It always starts out innocently enough. An unsolicited phone call from a private equity group, search fund, or family office looking to find a company to buy and operate. If you own a company with $2M+ in EBITDA, such inbound calls are familiar. If you own a company with $2M+ in EBITDA wherein the primary revenue stream is recurring – especially SaaS – the inbound phone calls are a two-to-three times a week occurrence.
Their pitch is powerful. They’re interested in you. They’re interested in your company. From the enthusiastic, congenial tone of their voices, to the never-ending blandishments, they’re simultaneously making you feel special and worthy of their praise, and selling you on what a good fit and good team you both will make in the future. The notion of merging the companies gains purchase as a foregone conclusion in the collective consciousness of all parties.
There’s nothing necessarily wrong with this process. It’s simply how it works.
The value imputed to you as a potential seller is designed to engender trust and mutual respect, and mutual respect has an interesting psychological dimension to it. Respect, however mutual, suggests that there exists an additional relational dynamic between buyer and seller – one of equality. And in the instance of putting a deal together, this perception of seller is wrong.
Once the business terms of a deal are agreed upon by both parties and memorialized in a written letter of intent (LOI), the respective interests on the parties diverge, as both sides position themselves to ensure that the deal consummates on favorable terms. From the seller’s perspective, favorable terms mean the deal trades at the price and structure detailed in the LOI. Favorable terms to the buyer, however, mean that the deal doesn’t trade for a penny more than it ought to, as the product of an exhaustive due diligence process.
And herein lies the asymmetry of the deal. Buyer, usually bigger, has much greater access to, and amounts of resources: time, money, and armies of talented human capital. Seller may have a lawyer, accountant, and tax specialist on the ready, but buyer has law firms, accounting firms, and tax specialists on retainer. Additionally, depending on the nature of the asset being sold, buyer will also have battalions of consultants for technology audits, KYC assessments, market analyses – basically, everything imaginable.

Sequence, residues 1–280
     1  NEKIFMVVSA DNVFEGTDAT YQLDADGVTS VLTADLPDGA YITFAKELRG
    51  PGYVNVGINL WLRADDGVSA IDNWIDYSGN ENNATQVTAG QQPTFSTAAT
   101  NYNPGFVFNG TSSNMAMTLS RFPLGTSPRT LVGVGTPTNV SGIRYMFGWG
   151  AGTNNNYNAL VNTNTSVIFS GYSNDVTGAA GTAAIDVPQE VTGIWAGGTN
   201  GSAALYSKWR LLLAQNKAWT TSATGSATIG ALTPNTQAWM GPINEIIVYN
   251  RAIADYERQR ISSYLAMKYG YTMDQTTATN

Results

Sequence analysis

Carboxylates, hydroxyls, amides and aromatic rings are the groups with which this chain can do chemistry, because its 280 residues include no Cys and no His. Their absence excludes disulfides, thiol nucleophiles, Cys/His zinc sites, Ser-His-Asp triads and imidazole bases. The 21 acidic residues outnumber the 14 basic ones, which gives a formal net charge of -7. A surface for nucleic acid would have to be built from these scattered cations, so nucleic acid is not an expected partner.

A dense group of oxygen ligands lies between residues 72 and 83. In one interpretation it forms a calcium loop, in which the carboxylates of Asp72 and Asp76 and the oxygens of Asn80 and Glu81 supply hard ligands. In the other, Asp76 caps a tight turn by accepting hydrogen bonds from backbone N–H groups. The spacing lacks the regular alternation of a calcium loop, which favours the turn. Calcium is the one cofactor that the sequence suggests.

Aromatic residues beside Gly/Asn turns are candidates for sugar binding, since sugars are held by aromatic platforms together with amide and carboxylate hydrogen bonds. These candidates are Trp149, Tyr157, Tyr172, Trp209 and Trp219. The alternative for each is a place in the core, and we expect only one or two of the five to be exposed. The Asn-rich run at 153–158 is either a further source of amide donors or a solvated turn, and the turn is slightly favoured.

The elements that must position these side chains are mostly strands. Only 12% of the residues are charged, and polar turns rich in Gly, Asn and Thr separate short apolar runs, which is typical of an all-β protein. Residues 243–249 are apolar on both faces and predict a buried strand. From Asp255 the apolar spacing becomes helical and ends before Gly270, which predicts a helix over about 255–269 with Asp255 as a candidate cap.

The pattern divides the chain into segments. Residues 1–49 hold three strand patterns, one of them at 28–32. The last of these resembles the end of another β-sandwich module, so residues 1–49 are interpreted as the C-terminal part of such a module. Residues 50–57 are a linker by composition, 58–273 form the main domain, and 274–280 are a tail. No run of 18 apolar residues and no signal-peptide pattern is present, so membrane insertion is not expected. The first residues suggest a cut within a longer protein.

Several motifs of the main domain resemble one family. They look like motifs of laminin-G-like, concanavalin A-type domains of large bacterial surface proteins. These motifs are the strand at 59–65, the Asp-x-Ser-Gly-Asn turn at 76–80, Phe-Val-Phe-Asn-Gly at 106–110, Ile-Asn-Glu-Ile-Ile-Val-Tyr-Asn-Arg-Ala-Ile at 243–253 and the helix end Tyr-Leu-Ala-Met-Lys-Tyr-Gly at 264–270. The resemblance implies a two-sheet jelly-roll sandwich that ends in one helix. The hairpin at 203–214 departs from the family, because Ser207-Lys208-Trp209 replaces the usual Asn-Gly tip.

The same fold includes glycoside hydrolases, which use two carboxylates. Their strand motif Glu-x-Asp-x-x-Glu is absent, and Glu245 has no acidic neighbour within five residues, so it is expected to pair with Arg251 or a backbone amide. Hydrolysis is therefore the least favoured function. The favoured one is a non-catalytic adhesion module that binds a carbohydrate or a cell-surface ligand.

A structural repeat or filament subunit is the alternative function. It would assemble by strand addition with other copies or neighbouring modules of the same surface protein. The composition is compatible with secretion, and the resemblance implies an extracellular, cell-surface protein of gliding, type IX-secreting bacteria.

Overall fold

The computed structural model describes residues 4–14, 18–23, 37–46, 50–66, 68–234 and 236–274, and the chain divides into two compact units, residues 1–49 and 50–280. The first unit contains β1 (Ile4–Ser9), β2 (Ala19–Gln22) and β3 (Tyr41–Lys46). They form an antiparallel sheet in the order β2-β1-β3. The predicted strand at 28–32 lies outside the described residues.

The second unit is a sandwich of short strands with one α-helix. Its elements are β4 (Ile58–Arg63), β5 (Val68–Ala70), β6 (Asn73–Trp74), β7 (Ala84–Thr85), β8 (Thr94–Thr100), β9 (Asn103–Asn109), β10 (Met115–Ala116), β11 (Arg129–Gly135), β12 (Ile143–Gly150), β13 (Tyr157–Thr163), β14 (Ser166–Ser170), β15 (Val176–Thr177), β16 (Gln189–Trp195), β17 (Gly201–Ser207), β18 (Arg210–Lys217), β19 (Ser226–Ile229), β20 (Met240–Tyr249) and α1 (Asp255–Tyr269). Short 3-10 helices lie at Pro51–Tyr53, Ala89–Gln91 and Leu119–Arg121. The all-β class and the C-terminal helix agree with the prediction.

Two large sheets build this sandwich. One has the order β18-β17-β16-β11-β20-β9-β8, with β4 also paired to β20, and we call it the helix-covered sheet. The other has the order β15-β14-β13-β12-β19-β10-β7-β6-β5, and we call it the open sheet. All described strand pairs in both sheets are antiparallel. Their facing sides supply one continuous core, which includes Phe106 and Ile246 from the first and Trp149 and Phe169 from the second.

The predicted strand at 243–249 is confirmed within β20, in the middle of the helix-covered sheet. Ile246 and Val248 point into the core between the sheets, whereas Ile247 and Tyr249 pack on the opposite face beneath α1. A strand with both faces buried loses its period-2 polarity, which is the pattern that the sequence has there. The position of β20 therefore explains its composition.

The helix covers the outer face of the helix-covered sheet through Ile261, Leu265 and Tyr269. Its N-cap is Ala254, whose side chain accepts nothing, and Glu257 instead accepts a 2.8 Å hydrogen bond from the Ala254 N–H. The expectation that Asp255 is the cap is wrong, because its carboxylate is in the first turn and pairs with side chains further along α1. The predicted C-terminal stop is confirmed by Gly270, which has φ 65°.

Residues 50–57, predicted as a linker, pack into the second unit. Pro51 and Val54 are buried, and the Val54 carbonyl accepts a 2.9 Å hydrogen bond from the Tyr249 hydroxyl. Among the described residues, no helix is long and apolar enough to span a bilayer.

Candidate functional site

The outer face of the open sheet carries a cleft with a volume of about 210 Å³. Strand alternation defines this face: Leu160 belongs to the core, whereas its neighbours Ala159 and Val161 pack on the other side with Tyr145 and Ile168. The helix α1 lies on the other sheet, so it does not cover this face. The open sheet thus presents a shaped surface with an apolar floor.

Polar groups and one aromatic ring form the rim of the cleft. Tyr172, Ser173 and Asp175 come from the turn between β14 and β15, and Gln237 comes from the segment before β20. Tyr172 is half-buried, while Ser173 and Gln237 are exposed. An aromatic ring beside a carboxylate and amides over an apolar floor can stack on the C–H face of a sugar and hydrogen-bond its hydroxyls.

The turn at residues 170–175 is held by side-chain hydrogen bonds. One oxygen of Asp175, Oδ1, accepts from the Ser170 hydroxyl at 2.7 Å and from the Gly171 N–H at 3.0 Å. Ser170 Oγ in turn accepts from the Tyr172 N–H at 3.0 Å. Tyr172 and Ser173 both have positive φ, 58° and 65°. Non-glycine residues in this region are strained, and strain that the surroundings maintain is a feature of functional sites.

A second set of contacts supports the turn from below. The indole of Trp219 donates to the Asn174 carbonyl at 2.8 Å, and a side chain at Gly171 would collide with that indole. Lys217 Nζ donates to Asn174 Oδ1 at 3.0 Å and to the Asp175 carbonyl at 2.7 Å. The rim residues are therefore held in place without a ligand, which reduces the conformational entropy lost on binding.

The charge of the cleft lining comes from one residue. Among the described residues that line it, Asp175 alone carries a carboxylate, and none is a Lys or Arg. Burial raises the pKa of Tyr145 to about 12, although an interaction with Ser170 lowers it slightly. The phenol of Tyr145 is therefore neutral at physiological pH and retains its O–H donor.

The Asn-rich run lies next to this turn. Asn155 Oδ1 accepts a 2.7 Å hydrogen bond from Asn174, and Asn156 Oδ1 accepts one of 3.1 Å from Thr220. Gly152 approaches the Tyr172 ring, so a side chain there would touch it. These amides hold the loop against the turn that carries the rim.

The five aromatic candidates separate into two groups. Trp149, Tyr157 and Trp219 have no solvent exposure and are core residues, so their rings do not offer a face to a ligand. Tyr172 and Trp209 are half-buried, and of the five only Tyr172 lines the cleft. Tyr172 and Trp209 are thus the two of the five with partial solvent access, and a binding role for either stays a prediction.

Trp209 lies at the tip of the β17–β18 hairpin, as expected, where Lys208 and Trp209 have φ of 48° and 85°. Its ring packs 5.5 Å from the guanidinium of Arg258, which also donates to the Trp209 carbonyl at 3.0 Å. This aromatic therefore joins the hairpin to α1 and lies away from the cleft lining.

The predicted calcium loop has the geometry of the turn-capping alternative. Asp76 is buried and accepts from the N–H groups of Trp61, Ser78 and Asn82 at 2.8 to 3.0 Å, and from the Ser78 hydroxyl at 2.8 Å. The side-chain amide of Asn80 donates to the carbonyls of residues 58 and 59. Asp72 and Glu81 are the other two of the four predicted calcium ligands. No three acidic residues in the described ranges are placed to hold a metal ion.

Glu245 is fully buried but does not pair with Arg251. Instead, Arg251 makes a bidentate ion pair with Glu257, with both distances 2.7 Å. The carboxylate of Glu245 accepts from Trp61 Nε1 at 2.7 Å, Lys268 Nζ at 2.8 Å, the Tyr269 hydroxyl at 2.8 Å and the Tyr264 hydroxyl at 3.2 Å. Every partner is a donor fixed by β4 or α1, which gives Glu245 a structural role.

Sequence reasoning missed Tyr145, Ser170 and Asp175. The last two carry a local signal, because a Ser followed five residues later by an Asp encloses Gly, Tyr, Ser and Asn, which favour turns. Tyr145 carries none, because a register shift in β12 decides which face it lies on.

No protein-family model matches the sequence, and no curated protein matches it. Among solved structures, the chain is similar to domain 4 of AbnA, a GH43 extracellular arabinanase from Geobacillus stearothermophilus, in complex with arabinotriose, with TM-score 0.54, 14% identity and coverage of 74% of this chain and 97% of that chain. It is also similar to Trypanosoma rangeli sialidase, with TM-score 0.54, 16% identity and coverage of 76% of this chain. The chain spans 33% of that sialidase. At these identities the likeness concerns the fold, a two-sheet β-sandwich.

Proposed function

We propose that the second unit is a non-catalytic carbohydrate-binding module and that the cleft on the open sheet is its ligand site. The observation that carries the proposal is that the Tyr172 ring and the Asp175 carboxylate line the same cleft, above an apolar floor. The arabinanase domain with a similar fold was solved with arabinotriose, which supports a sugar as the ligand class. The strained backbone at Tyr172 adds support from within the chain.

The resources that buyer has at its disposal dwarf those of seller, not only in terms of the number of people, but the amount of money buyer can allocate for their services. And these people – attorneys, advisors, consultants, CPAs, etc. – don’t come cheap. For seller, transaction costs for micro-market deals ($10M -$100M in transaction size) typically run between $100k and $200k. For buyer, transaction costs for the same deal size typically run $300k – $600k. With such hefty fees being paid by buyer, buyer’s contractors need to justify their value. Thus, it’s not unusual for these advisors to aggressively search for any element of the business being acquired that can justify a reduction in purchase price, or change the structure to de-risk the transaction: more monies held-back tied to future performance, additional escrow monies to protect against potential liabilities, etc. In both events, changes to the deal that accrue to buyer’s benefit. All of buyer’s “hired guns” want to be heroes. They want to show buyer that they’re worth the money. They want to get their client a better deal. And a better deal for buyer means a sub-optimal outcome for seller. (It’s important to note here that the negotiations between buyers and sellers described herein are not to be characterized as distributive bargaining. As a point of fact, M&A deals are not zero-sum games)
So, what can a seller do to offset this asymmetry in buyer resources? Unfortunately, not much in terms of numbers of personnel and dollars available to spend. But neither one of these aspects is an objective advantage to buyer without taking into account the quality of the resources, and negotiating strategy employed.
I’d take experience, wisdom, and negotiating prowess over armies of advisors and monetary advantages any day. And I often do. When seller is properly represented by an experienced M&A pro, it levels the playing field considerably.
Adam T. Hark is Managing Director of Wellesley Hills Financial. With 15+ years of consulting in payments technology, SaaS, and fintech, Adam advises clients on growth, exits, and market positioning strategies. Adam can be reached at firstname.lastname@example.org.